A lot of people are tricked into buying a dog only to learn that it’s not the breed they expected. By the time they find out, they are already attached to it and end up keeping it anyway. That’s what happened to the Yun family, who purchased what they thought was a Tibetan mastiff puppy from a breeder in China.
She noticed that the dog seemed to have a strange appetite but didn’t think much of it.
As he got bigger, she felt something wasn’t right, but she wasn’t sure what kind of dog she had bought. She explained:
“It would eat a box of fruits and two buckets of noodles every day. The more he grew, the more like a bear he looked. I am a little scared of bears.”
As it turns out, it was a bear.
The family had been tricked into thinking they were buying a puppy, but they were really buying a bear cub. They had owned the bear for two years when they realized it was a bear and not a dog. By this time, they were attached to it, but they also knew that they couldn’t keep it.
One of the family members said:
“It has already become part of the family, but we know that it is a wild animal and it should return to nature. Before, we were worried that it might not be able to adapt to the wild environment and survive, so we decided to hand it over to the forest police.”
So, how did the family go so long without knowing they had a bear instead of a dog?
Tibetan mastiffs are large dogs with long hair, but they are clearly dogs. There’s a big difference between a dog and a bear.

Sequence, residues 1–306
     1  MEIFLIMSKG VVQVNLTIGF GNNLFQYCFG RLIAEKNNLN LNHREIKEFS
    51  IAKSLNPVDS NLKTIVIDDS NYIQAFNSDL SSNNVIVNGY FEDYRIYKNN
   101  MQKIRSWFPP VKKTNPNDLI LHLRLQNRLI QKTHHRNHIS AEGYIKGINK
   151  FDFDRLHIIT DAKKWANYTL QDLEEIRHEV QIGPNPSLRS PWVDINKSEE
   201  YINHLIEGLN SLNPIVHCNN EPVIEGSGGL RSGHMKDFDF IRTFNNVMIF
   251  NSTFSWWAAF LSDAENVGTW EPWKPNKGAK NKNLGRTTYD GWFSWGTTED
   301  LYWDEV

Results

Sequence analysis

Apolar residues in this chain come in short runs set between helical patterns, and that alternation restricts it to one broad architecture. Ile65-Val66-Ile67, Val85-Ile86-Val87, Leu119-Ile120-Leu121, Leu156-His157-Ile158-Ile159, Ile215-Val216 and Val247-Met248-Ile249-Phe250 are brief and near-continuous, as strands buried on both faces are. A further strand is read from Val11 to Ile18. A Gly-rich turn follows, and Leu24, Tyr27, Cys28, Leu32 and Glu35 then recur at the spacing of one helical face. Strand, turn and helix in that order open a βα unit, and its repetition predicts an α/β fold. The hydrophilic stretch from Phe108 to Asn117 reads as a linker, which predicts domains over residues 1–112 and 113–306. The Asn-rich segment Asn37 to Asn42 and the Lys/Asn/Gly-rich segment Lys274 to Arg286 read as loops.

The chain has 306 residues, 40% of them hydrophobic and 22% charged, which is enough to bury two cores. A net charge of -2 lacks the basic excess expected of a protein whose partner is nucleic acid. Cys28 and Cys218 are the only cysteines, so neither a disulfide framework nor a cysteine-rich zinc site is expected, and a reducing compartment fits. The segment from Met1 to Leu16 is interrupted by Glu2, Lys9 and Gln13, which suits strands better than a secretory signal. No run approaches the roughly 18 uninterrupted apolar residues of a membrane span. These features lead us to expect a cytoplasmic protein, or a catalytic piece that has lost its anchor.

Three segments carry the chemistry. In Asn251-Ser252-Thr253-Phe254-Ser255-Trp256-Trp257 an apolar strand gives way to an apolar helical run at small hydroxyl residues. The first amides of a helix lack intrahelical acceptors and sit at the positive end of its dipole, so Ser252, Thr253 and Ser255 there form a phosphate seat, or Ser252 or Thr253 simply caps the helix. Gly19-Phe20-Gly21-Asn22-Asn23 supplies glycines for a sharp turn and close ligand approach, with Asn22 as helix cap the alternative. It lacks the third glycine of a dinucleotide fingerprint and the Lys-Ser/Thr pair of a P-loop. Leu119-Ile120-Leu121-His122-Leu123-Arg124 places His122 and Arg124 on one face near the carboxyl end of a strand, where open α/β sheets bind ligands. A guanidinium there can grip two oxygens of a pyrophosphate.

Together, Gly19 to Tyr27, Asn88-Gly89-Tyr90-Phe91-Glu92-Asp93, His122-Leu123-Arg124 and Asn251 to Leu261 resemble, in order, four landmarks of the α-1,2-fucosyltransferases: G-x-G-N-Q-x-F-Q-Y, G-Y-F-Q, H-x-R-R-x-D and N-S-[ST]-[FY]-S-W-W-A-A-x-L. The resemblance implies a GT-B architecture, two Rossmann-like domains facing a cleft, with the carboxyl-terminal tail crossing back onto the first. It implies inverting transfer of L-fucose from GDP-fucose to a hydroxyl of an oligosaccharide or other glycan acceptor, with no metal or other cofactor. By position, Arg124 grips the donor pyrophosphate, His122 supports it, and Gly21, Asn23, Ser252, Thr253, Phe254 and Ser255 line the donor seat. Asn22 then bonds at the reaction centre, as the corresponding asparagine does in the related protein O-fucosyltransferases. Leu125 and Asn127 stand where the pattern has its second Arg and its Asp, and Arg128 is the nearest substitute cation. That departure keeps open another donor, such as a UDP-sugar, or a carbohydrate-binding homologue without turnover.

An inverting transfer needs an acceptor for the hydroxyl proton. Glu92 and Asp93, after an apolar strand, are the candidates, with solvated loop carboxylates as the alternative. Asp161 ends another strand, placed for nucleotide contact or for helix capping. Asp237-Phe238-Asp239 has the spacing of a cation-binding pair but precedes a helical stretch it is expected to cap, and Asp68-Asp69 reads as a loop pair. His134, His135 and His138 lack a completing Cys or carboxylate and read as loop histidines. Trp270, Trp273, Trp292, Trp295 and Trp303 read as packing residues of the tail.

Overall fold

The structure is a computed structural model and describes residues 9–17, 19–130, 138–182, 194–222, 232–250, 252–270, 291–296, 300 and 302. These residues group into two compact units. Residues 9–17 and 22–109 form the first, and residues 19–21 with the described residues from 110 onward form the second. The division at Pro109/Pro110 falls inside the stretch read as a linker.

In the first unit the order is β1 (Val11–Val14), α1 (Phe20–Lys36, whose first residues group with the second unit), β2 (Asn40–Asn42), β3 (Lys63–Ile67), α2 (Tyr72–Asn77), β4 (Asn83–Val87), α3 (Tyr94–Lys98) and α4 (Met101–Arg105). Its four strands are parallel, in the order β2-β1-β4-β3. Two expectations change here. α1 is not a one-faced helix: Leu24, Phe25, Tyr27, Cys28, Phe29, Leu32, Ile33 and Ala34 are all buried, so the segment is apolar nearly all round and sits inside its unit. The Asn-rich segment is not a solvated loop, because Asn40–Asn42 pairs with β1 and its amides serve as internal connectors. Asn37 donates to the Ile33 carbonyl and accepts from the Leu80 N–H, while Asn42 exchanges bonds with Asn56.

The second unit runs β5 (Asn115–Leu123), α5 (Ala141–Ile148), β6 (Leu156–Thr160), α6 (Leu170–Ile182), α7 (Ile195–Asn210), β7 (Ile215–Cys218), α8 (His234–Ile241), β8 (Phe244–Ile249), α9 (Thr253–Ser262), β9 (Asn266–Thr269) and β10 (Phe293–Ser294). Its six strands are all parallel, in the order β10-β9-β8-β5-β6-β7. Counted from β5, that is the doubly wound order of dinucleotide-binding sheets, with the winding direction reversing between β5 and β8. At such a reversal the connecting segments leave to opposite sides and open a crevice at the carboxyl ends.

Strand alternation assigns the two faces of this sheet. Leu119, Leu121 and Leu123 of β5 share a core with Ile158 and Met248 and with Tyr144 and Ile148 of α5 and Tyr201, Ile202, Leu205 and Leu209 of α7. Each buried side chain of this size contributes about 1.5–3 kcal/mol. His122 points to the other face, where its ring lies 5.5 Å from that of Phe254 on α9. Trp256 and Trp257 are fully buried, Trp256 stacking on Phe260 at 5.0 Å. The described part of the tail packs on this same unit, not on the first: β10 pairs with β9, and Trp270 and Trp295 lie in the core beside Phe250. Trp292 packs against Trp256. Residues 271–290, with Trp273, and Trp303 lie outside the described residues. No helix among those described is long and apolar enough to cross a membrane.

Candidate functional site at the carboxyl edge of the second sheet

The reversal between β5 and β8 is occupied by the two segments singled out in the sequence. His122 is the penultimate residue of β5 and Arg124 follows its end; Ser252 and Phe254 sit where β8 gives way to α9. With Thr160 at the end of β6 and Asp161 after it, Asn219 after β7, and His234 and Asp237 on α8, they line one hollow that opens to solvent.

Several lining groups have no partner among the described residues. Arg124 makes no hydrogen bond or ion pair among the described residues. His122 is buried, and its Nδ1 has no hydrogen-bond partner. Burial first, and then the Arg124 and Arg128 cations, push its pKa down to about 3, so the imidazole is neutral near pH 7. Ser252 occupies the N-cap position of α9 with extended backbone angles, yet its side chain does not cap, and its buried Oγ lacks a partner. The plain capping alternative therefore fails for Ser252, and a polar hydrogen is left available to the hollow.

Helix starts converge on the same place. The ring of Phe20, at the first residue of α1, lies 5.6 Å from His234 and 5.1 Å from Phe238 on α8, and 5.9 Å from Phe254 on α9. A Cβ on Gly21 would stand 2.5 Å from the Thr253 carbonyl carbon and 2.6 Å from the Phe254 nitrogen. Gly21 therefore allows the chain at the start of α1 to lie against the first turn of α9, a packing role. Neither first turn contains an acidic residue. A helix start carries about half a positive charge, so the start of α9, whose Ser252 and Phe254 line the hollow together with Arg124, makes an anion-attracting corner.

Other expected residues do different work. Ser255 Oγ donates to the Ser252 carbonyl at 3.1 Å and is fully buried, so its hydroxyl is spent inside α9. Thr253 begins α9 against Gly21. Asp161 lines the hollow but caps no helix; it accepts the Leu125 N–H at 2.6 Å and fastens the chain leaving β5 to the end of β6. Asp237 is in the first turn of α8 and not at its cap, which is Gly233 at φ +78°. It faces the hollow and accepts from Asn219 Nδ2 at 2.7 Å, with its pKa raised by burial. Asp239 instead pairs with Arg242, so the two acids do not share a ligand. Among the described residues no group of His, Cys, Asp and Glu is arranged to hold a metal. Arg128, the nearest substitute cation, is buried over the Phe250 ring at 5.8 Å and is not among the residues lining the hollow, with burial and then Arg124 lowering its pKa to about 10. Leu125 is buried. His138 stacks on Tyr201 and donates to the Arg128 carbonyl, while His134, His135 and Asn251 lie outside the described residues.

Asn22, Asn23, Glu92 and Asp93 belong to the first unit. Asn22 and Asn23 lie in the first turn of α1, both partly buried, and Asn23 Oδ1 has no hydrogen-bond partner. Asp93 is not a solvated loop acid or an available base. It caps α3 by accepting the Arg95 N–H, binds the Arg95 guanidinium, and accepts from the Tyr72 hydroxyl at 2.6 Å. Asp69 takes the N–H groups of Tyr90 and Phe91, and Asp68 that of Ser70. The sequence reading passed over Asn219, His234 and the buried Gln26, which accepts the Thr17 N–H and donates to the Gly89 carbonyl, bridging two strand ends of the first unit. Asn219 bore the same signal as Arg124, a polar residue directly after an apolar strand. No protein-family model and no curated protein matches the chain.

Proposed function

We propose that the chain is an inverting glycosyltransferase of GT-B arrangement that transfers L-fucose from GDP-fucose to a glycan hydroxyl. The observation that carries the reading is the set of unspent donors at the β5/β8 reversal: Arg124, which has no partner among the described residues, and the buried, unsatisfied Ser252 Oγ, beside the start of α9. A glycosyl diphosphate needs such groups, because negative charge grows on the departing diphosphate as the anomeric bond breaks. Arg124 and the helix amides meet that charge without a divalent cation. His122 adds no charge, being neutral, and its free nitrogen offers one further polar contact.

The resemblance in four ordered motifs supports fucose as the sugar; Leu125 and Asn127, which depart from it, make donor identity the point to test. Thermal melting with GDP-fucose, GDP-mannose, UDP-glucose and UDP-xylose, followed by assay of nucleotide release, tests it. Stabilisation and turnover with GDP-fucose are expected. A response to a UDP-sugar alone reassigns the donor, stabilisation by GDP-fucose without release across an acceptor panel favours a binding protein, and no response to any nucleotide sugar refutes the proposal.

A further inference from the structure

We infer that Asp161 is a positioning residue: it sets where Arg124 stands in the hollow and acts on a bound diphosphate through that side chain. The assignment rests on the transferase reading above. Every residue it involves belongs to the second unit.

According to Bears of The World:
“Asiatic black bears are considered to be ‘medium’ sized bears with bodies ranging from 50 to 77 inches in length and weight variation of 220 to 440 pounds. Females are smaller, weighing from 110 to 275 pounds. They have jet black fur with a thick mane-like ruff around their neck. In addition to the yellow moon on their chest, they have a brown or tan muzzle and a whitish chin. Their ears are fairly large and are set rather far apart. Their claws are short and strong for climbing trees.”
That description is pretty different from that of the Tibetan mastiff, which the family thought the bear was for two years.
According to the AKC:
“Tibetan Mastiffs can stand 26 inches at the shoulder and weigh well over 100 pounds. It’s impossible to discuss this breed without leaning on words like ‘powerful,’ ‘muscular,’ ‘massive,’ and ‘substantial.’ And yet, TMs are quite light-footed and will meet a perceived threat with surprising agility. The broad head, with its high-set, V-shaped ears and expressive brown eyes, projects a noble, sagacious expression.”
Unbelievably, stranger things have happened.
There have been reports of people adopting dogs that turned out to be foxes and even adopting large rats, thinking they are dogs living on the streets. Imagine the embarrassment these people felt when they realize their best friends were wild animals.
If you adopted the wrong animal and were attached to it, would you be able to give it up? What it if turned out the be an animal that was illegal to own in your city? Would you move for it? How far will a pet owner go to keep his or her animal?
This family ended up taking their bear to the Yunnan Wildlife Rescue Centre, where he will be safe and get all the care he needs.
They may even be allowed to go visit him if they choose. They may have been sad to see him go, but it was for the best. The next time this family goes shopping for a pet, hopefully, they do a little more research and actually get the right kind.
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